Shining Light On Bring Me The Horizon

James Scott and Louis Oliver from Okulus, the production and lighting designer for Bring Me The Horizon’s UK tour, shared some insights into the elaborate lighting setup the band had requested.

Courtesy PRG UK
– Bring Me The Horizon

“The initial brief given to us by the band was that they wanted a big rock show, something that made a huge statement and filled as much of the arena space as possible,” Scott told Pollstar. “One word which kept being thrown around was ‘panoramic’ – we designed a narrow, ultra-widescreen format LED wall, but were careful to make sure it could fit into the different-sized venues BMTH were playing, sometimes with just millimetres to spare.” 

He added that “being able to fold the screen in on itself was where the design for a wrap-around LED wall originated from. Although the playback surfaces were designed by myself and Louis, we worked with many different visual creatives to assemble the video content.”

According to Oliver, the band presented ideas that Okulus then implemented, waiting for feedback.

“Towards the final stages of pre-production, the guys really sunk their teeth into the ins and outs of everything – production rehearsals [at Production Park] were very intense, with lots of changes, updates and additions, but we got there in the end,” Oliver said. The final setup saw more than 180 lighting fixtures hanging from numerous trusses.

Adam Power from lighting supplier PRG XL, who operated the lights during the show, said “we even put five lights each side of the stage in unallocated seating to stretch the design even wider. The band were passionate about having an intense show with lots of strobing and really big looks.”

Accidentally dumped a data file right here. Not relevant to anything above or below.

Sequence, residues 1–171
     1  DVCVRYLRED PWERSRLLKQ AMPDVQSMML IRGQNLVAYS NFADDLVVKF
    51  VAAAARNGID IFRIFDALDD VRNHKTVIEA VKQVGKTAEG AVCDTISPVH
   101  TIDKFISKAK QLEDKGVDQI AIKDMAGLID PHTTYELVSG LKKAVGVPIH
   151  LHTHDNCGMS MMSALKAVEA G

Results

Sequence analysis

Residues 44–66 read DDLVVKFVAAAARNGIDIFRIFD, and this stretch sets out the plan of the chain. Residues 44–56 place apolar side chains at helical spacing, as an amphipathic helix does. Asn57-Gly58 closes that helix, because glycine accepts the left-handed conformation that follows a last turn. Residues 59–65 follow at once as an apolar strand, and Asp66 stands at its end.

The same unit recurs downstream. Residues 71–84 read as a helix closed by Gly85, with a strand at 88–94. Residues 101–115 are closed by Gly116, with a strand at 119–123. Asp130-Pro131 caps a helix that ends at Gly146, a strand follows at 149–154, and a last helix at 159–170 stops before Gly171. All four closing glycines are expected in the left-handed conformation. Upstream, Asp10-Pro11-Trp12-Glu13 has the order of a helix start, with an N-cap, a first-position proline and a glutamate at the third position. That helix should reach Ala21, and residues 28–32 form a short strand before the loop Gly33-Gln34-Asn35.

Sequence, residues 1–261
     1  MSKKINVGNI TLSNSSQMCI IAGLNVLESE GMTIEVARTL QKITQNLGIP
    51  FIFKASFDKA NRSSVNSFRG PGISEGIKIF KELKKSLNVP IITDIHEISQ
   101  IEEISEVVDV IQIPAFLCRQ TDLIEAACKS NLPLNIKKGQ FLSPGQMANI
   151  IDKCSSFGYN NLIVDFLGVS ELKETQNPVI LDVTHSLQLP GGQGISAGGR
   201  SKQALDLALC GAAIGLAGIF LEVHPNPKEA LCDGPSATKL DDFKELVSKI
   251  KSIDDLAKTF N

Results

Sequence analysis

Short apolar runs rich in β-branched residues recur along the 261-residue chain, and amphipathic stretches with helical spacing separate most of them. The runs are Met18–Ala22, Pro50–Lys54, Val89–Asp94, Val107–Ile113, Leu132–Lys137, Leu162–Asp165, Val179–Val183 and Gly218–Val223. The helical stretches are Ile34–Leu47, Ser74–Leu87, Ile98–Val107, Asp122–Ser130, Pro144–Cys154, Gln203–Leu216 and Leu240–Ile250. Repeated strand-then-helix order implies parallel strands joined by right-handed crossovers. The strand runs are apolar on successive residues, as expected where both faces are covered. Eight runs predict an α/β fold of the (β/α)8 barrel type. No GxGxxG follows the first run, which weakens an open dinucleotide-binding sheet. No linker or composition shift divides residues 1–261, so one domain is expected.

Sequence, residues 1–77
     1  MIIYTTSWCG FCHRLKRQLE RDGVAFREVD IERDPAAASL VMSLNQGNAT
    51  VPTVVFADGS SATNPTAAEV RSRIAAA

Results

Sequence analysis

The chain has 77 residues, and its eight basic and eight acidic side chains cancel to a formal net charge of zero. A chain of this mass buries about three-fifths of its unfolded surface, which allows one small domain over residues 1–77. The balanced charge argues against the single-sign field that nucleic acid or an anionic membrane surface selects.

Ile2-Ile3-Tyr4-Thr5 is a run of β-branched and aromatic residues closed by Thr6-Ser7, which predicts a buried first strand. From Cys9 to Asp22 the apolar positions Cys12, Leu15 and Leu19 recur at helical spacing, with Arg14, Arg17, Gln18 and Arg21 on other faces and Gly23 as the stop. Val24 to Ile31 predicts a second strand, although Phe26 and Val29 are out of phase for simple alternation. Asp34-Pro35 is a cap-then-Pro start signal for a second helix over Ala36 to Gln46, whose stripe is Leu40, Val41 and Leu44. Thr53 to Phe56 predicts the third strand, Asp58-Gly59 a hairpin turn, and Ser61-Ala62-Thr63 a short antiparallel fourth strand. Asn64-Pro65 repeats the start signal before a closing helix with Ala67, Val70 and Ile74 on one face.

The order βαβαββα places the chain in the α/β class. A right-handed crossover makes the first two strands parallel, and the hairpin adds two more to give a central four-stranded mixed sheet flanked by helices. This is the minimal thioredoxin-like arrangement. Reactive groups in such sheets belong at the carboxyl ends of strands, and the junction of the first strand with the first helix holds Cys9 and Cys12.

The lighting rig consisted of Clay Paky Sharpy wash and Mythos moving lights, as well as Martin Mac Viper profile and performance lighting fixtures. Scott and Oliver also included an array of Ayrton Magic dot LED lights and a large number of Martin Atomic 3000 LED strobes.

“By selecting the LED version we got the best of both worlds and were able to choose between the LED and xenon operating modes; treating it as a traditional decay atomic or as a sharp and precise LED unit,” Scott explained.

All the lighting cues had been pre-programmed and run off a time code on a track-by-track basis.

“Most songs have at least a dozen cues in them, which would be virtually impossible to do manually. I trigger the time code at the start of every song, but have a couple of key lights I operate manually to follow members of the band around,” said Power, who operated the show from a GrandMA 2console. “The show ran on 15 universes of DMX, controlling the video content and lasers as well as the lighting from the MA2.”

Bring Me The Horizon is currently gearing up for tour dates in Singapore, Australia, New Zealand and the U.S. Oliver told Pollstar that the Australia shows will feature “the old design with Mi-Strip [LEDs], and the USA will be a reduced version of the UK tour.”